Part of my home studio audio setup: a microphone on an arm
Part of my home studio audio setup: a microphone on an arm

Most people are just fine with the integrated webcams in their laptops, because after all, if you’re in a meeting where everyone uses their crappy built-in webcam and microphone, there’s no point in doing any better. But what if you need to record or stream some quality content? Say, giving a talk, hosting a webinar, presenting something important…

Well in that case, you may find that the built-in webcam and microphone can be inadequate. My Macbook’s webcam output for example is a blurry mess where everything is in focus, including the background. Sure, many apps now have a “blur background” effect, but it’s never that good — especially when you have long hair or a complex background. What about the built-in microphone? That’s also picking up noise from everywhere, including the laptop’s own fan. …


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We got a bunch of warnings across several Firebase instances using Firestore…

Over the last week or so, we’ve discovered and patched a security issue leading to potential leakage of some PIIs (Personally Identifiable Information) about speakers on two Squanchy instances for Droidcon Italy 2018, and 2019. Potentially exposed data is limited to what collected on the CfP platform for Droidcon Italy, syx.it (private sessions, email and physical addresses, mobile numbers), and does not contain passwords. Only people selected as speakers for the last two years had their data copied over to Firestore and, as such, only they have been exposed. …


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It’s only been three weeks since the Droidcon Turin CfP has closed, and we have already published the full schedule for the event. As customary for our CfP committee, we are committed to full transparency, and this year we decided to make our retrospective public.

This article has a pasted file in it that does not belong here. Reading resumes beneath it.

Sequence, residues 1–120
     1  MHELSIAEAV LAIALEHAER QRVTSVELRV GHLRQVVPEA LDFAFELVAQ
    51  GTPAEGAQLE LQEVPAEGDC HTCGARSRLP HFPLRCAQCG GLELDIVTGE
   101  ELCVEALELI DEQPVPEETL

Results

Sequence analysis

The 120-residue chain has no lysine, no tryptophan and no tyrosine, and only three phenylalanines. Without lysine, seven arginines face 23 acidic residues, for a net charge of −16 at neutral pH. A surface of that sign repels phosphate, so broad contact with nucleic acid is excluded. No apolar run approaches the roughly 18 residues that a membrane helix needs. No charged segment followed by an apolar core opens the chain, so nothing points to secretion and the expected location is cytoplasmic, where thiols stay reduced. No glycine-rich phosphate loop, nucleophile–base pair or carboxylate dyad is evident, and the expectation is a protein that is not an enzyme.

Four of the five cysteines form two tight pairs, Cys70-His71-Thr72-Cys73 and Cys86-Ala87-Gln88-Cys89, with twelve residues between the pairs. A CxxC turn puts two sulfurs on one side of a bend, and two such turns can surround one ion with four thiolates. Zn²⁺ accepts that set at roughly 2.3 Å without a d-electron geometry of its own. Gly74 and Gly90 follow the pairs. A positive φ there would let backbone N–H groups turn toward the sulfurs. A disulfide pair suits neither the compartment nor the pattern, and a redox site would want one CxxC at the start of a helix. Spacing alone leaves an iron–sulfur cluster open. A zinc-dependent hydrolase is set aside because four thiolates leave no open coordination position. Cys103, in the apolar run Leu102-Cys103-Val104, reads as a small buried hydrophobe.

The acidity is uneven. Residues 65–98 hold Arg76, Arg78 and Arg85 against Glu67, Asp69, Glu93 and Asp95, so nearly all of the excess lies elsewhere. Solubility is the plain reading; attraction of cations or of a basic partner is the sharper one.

The committee

First of all, I want to once again thank the members of the committee for all the time and effort and love they keep pouring into making this conference contents the best we can possibly have. They are:


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“Colors explosion at sunrise — Scottish Highlands” by Edoardo Brotto—on flickr

In the first part of this article we saw the new APIs introduced in Android Pie that allow us to have coloured elevation shadows. Our ambition had been crushed by the cruel design of elevation shadows APIs, which impose abysmal values for the alphas, thus making even the most lively shadow a pale disappointment.


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“The Ridge” by Edoardo Brotto — on flickr

I recently wrote an article about elevation in Android, showing how you can hack around framework restrictions to obtain elevation shadows that are different than what the Material Design guidelines mandate.

Since then, there’s been a few interesting developments on the topic, and this follow-up article will cover them. Come for the shadows, stay for the code!

As a side note, I have recently pushed a major update to the app that accompanies last year’s blog post. Uplift has now hit version 3, and there’s a lot more than meets the eye in that release.


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“Neist Point at sunset — Isle of Skye” by Edoardo Brotto — on flickr